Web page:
“Our organization was very pleased that the debate moderators asked about the Tappan Zee name change,” Marlene Pedersen, Board Member of the group Save Our Tappan Zee, Inc., said. “We would have liked Marcia Kramer to have given a bit more background when she asked the question since many New Yorkers may not be familiar with the issue. Overall, we were thankful and very pleased that the issue was included in the debate.”

Pedersen was talking about the primary debate with Democratic gubernatorial challenger Cynthia Nixon. “The bridge’s name reflects the area’s history, tradition and people,” she emphasized, “and it is not just a name. It predates our country’s founding as that area of the river was referred to in historical documents as the Tappan Zee Bay. ‘Tappan’ refers to the Tappan Tribe of Native Americans that inhabited the area and Zee refers to New York’s early Dutch settlers (‘zee’ means ‘sea’ in Dutch).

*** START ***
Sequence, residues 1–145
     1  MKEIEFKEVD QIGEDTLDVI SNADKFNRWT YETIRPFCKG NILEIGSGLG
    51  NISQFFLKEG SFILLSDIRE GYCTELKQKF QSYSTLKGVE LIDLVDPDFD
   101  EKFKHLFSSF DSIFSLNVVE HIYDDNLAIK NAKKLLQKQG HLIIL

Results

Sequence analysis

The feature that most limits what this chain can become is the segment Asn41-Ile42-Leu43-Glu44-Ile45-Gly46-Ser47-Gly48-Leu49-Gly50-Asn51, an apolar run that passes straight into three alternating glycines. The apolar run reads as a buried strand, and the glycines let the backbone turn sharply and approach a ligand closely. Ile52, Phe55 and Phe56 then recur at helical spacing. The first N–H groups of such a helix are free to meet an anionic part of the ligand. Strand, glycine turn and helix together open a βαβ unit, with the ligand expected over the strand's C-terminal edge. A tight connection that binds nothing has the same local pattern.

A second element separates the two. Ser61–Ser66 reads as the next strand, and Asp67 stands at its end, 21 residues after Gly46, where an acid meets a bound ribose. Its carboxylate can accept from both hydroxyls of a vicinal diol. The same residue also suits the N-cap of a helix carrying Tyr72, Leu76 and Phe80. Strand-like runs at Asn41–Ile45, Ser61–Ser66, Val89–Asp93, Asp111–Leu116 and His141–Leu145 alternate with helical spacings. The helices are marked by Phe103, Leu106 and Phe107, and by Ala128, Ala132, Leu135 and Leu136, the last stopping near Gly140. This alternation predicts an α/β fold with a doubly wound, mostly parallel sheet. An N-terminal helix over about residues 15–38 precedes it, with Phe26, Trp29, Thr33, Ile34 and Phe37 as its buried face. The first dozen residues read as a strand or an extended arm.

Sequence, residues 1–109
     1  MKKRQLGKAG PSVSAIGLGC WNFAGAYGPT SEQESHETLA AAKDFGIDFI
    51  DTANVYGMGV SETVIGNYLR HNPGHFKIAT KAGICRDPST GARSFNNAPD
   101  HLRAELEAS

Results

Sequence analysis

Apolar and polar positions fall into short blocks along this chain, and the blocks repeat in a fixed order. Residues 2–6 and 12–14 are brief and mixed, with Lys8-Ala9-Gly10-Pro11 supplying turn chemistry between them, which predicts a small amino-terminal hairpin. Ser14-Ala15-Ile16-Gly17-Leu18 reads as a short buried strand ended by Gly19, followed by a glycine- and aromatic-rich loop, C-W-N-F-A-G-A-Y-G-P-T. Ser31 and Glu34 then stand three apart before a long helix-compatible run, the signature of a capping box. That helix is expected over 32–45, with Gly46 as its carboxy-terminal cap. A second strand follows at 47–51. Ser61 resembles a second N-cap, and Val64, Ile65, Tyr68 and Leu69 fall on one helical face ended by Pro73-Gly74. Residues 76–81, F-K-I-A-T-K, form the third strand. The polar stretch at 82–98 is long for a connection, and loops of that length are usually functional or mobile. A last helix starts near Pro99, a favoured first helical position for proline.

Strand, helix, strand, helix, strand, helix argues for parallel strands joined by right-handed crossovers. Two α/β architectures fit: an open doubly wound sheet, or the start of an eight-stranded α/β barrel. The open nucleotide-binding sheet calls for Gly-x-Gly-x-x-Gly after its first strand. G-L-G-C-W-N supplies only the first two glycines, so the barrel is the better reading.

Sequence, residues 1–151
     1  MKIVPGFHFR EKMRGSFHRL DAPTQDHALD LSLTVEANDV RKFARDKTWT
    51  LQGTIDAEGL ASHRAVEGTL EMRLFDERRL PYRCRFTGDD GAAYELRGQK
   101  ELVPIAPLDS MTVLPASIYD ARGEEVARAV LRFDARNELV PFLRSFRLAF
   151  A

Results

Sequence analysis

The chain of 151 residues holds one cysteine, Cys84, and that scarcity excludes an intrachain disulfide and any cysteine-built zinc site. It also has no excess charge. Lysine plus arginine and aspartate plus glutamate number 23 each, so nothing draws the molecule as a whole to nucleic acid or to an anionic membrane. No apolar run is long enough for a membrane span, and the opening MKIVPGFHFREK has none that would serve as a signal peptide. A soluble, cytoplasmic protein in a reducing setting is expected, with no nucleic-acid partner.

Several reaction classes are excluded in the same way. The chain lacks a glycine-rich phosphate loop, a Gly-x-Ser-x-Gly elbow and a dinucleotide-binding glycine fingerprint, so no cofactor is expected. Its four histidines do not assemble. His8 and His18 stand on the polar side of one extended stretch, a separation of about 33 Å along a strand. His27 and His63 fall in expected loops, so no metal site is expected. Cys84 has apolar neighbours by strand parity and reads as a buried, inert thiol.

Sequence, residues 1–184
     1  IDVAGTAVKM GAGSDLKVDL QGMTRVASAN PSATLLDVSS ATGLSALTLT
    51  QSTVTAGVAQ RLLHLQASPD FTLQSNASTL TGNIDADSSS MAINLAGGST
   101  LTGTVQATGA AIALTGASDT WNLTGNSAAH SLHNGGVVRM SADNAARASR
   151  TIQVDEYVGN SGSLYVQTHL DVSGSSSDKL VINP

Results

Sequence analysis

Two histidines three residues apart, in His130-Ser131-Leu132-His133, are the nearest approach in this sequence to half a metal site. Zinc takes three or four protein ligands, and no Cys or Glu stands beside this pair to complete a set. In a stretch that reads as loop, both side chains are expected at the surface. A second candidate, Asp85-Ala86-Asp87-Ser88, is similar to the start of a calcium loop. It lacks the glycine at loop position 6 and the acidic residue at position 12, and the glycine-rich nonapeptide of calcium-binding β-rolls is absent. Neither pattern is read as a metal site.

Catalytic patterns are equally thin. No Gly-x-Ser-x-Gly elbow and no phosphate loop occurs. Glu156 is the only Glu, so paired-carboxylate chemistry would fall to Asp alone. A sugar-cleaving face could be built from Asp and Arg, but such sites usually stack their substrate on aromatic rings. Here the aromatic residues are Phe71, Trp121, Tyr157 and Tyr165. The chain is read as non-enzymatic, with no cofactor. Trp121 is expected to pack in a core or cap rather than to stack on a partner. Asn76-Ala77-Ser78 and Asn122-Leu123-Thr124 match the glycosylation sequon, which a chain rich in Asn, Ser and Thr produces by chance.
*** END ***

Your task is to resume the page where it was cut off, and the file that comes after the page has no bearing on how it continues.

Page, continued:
Familiar sign at the Rockland approach, and its counterpart in Westchester/Courtesy of Blair Johnson

“The governor’s refusal to acknowledge these facts and accept the compromise name (adding Tappan Zee to the bridge’s name) demonstrates a willful intention to put his own self-serving desires over the will of the people.”

Pedersen said the group feels while the state has more pressing issues for voters to consider when they choose a Democratic candidate this month, ‘We want New Yorkers to really think about this. There’s a principle here that should concern all of us, not just those living in the Hudson Valley. Are we OK with politicians stripping a region of its history and tradition without consulting the people?”

More than 110,000 people signed SOTZ’s petition to add ‘Tappan Zee’ to the new bridge’s name.